Rebecca Patrascu




As we walk the tongue-tied rows
I think of them, you, me. How we are
each of us émigrés from a body, each
a body that passed first
through a border of flesh into air.
All the grass blades hum together
the canticle the flowers chanted
before they were cut, the song
the ciliates still sing in the stale water
turning green from bloated stems.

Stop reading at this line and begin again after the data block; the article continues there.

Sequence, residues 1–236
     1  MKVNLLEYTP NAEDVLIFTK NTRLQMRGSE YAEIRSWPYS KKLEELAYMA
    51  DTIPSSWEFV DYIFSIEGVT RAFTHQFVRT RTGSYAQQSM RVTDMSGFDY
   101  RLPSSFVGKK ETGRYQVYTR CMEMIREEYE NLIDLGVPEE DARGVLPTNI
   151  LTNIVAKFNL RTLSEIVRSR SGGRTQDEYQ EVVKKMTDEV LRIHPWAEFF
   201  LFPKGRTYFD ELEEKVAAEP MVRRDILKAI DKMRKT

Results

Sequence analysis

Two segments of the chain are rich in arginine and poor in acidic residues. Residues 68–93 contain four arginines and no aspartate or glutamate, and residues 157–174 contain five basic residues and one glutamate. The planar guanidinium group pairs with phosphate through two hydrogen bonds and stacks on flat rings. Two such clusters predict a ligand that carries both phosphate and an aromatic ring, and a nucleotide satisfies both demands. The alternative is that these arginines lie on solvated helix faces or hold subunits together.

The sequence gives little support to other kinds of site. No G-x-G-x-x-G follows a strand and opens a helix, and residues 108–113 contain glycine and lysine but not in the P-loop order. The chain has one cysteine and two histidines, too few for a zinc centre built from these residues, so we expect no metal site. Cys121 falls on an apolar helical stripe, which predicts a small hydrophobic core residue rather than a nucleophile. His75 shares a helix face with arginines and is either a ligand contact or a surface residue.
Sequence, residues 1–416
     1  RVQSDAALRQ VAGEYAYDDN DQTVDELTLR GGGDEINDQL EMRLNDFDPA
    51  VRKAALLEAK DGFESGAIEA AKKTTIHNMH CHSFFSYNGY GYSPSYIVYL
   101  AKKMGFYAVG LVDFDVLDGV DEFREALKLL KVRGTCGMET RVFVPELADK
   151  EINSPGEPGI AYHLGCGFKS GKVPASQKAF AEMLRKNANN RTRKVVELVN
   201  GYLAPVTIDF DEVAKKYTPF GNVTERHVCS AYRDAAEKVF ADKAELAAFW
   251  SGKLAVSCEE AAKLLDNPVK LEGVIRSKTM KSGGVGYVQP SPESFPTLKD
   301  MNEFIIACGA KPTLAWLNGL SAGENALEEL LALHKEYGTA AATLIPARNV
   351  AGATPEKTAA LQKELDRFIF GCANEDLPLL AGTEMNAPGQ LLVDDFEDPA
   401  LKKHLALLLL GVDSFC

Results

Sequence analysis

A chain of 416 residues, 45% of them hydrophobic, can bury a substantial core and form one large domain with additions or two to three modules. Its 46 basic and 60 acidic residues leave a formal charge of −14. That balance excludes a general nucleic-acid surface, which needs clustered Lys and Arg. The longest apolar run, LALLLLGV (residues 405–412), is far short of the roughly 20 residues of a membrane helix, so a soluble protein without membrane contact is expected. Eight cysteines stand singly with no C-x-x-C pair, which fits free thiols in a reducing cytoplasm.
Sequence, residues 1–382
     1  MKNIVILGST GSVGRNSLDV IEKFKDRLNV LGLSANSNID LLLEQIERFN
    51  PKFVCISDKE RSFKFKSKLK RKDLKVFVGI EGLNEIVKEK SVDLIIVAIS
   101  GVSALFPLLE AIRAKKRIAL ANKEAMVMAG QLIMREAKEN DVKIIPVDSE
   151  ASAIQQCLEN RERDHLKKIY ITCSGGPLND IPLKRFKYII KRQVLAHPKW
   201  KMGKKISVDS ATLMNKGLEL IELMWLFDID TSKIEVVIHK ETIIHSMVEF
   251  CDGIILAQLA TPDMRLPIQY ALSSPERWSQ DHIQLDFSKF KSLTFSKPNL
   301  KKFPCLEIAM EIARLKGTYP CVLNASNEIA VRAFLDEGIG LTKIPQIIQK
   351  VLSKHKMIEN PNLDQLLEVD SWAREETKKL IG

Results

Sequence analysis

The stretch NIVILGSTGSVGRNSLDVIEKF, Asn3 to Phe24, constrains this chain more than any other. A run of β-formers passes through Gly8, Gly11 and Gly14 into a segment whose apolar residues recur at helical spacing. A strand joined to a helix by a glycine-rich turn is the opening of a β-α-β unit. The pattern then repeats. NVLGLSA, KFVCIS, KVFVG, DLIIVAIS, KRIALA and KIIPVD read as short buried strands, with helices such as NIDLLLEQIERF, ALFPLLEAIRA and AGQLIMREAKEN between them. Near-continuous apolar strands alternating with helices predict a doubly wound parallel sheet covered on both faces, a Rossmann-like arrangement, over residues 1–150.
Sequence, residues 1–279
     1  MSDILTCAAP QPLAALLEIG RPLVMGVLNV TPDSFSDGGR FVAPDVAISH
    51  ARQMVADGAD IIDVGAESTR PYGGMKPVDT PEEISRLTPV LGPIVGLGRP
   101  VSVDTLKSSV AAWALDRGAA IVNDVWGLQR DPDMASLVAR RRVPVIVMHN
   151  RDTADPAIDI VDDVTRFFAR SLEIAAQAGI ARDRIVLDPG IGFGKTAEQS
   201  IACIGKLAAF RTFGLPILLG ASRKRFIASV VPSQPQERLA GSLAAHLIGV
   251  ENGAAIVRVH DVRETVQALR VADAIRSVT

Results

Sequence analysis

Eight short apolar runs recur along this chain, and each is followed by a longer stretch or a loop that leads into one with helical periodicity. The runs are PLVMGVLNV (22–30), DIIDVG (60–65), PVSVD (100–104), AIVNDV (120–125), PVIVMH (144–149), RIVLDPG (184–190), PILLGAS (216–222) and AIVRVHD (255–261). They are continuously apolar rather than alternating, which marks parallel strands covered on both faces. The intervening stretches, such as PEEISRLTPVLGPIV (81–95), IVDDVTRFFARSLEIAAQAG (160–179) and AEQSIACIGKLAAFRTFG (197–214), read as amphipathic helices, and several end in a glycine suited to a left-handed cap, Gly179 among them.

Catalog of stone in a ramshackle library,
tomes of biographies, citations detailing decay.
Some hold a glossed photo of the departed,
frozen face and the dated hair, awkward
for a few decades, until old enough
to be quaint. They came into a land
of downward slopes having left
great marks, or none, or only fingerprints.
Maybe it’s the archivist in me;
but I am so happy among the names and dates.
And it is so quiet here,
with only a distant backhoe motor,
the robins’ tumble of notes.